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Army Prepares for Atomic War with Professor Brian McAllister

In this event for AHF members, this talk will trace the origin and evolution of the Army’s transformation towards atomic war. It will detail the revolutionary reforms the Army undertook and discuss some of the reasons this experiment ultimately failed.

Although all but forgotten today, the U.S. Army’s effort to field ground forces capable of waging atomic war was probably its greatest transformation initiative. In barely a decade the Army developed a concept of war, implemented a radical change in force structure, designed and fielded revolutionary equipment, and conducted some of the largest peacetime exercises in its history. This military transformation was equaled by an even greater social transformation. Conscription and integration made the Army the nation’s most racially, economically, regionally, and religiously diverse institution.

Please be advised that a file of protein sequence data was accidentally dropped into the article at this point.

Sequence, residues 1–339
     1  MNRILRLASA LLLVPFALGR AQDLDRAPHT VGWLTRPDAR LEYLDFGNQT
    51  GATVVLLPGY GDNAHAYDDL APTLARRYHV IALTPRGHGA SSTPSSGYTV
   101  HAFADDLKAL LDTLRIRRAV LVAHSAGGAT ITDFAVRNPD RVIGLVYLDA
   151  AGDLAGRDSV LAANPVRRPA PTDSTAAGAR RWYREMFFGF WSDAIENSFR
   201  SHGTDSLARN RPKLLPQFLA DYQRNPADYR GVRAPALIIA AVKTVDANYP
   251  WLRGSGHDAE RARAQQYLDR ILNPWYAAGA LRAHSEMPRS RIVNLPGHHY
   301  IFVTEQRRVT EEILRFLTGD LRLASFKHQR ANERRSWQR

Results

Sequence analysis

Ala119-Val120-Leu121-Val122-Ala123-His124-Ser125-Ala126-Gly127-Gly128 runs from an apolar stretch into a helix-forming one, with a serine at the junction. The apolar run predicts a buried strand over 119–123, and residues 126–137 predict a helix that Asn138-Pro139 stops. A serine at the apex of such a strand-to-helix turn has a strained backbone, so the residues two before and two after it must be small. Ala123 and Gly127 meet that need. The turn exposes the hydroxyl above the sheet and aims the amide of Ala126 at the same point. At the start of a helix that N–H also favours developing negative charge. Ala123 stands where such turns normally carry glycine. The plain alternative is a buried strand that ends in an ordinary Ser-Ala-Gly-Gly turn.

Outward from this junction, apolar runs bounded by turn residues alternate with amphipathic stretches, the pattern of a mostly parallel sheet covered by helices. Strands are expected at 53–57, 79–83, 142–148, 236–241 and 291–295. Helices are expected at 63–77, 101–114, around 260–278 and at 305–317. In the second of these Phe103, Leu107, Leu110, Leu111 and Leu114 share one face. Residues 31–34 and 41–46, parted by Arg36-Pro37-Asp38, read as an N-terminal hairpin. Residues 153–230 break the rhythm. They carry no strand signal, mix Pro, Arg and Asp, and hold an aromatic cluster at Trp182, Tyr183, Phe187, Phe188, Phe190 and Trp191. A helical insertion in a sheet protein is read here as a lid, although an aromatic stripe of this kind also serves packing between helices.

Brian McAllister Linn is the Ralph R. Thomas Professor in Liberal Arts at Texas A&M University. He is the author of six books on American military history: Real Soldiering: The US Army in the Aftermath of War, 1815-1980 (2023); Elvis’s Army: GIs and the Atomic Battlefield (2016); The Echo of Battle: The U.S. Army’s Way of War (2007); The Philippine War, 1899-1902 (2000), Guardians of Empire: The U.S. Army and the Pacific, 1902-1940 (1997); and The U.S. Army and Counterinsurgency in the Philippine War, 1899-1902 (1989). He has given numerous international lectures, been awarded a John Simon Guggenheim Memorial Foundation Fellowship, and held visiting professorships at the US Army War College, the University of Birmingham, the American Academy in Berlin, and the National University of Singapore. In 2023 he received the Society for Military History’s Samuel Eliot Morrison Prize for lifetime achievement.